Aurn, Carpathian symbol for the rising sun.

In Carpathian mythology, Aurn (/ɔːn/) is the anthropomorphisation of the rising sun. Repesented in most cultures as a golden woman, Aurn represents not only the physical sunrise, but also rebirth, hope for the future, and in some regions, the first day of spring. When accompanied by two inward-facing griffons, Aurn can be interpreted as a symbol of war for a just and peaceful future.

Origins in Coastal CarpathiaEdit

In coastal Carpathian villages, huts are built facing east in order to view the new dawn over the Carpathian mountains. In some villages, Aurn is worshipped as one of a pantheon of natural gods that preside over the success of the village. In these cultures, villagers rise before dawn and light precious wax candles to guide the sun over the treacherous mountains. If no candles are lit, the sun may become lost and Carpathia will be doomed to endless night. Early writings suggest this mythology has a basis in solar eclipses, and the journey of Frenrik the Fisherman's Son to a "Great Cold Land without Aurn" (probably one of the poles).

With the arrival of the Elven Epoch in Althea, the Aurnean symbology spread inland. In her new interpretation, Aurn was not worshipped as a goddess, but began to take on warlike connotations. Elven Seers may have drawn the practice of blinding themselves with sunlight from the idea that Aurn represented what was beyond the horizon, or the events yet to come.

The Guardians of the DawnEdit

The orginal Guardians of the Dawn were heavily influenced by Carpathian culture, particularly during the building of the mountain fortress Anarόrë Mindon. Though the Guardians are traditionally associated with griffon symbology, elements of Carpathian symbology - particularly of Aurn - are evident in the tower and surrounding city.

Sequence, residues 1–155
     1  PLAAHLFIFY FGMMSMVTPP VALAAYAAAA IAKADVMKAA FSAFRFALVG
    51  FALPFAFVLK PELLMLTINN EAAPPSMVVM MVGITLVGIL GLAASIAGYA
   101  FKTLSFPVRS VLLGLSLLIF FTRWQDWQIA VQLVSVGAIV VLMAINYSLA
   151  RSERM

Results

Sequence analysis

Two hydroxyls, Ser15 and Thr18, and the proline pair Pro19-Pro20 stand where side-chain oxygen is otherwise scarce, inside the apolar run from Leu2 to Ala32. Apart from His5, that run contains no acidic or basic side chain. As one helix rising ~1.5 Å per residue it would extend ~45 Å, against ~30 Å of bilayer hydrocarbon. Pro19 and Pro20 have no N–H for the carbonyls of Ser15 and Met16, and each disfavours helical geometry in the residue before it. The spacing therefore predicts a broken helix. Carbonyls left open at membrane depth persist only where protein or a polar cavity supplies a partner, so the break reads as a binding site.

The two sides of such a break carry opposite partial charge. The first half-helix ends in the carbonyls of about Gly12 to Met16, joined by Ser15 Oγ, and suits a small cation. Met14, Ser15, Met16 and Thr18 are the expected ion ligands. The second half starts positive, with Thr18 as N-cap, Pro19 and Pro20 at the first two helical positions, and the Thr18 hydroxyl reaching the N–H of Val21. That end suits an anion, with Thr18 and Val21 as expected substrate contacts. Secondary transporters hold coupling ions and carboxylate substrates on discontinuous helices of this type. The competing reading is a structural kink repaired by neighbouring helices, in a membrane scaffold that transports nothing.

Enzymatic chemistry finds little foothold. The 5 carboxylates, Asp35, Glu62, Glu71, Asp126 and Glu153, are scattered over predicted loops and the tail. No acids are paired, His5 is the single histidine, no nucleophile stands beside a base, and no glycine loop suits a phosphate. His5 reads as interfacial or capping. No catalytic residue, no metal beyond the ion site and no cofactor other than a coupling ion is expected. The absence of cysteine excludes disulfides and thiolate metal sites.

Of particular note is the eastern-facing Watch Hut that accompanies the Dawn Beacon. In modern times, this beacon is used to signal attacks on the fortress and city below. Writings indicate that at the time of construction, it was lit each morning before dawn in the tradition of the Carpathian villagers.

A gold statue of Aurn accompanied by two marble Griffons stands in the city's central plaza beneath the Morning Fountain. Carpathians often make the journey to the fountain before marriage, each tossing a gold coin into the water (representing the sun) for Aurn's blessing.

The Guardians as a whole subscribe to no unified religion, and may actively reject religions of neighbouring areas. However, members are free to follow any religion they choose, and many who were born into or descended from coastal villages recognise Aurn as a goddess. This does not hold true for the majority of Guardians, who view Aurn as a rich symbol with no mystical powers. They choose to retain references to the female anthropomorphisation around Anarόrë Mindon as method of cultural distinction, and also perhaps, as an excuse to hang paintings of naked women around the fortress.


Aurn appears to be a corruption of the Elvish ára (dawn) or anarόrë (sunrise), meeting the Low Carpathian dornen (to grow above) or auren (gold). Scholars suspect that the original Carpathian name for Aurn was lost when villagers began to adopt Elvish words into their vocabulary, especially in the wake of the building of Anarόrë Mindon. Many Carpathian workers returned home to their villages unable to remember many basic words in their own language, such as for fish or for bread.

Peculiarly, the Common dawn seems itself to have formed form the Low Carpathian dornen. This influence may be due to the Carpathian region's early obsession with the nature of the sun, before other cultures had discerned its importance in the growing of crops or the availability of fish.

Common MythsEdit

It is a common myth that the Guardian warcry "for the new dawn" arose out of the rather crass "for the nude Aurn". There is no evidence to support this, and several phonological discrepancies indicate otherwise.

Reports that Carpathians burned virgins as sacrifices to Aurn also have no basis in fact. This myth arose from one text, Voyage to the Wild East, by an Arisian scholar. This text has since been proved a work of fiction, based on traders' tales - there is no proof the scholar ever left his home in Aris.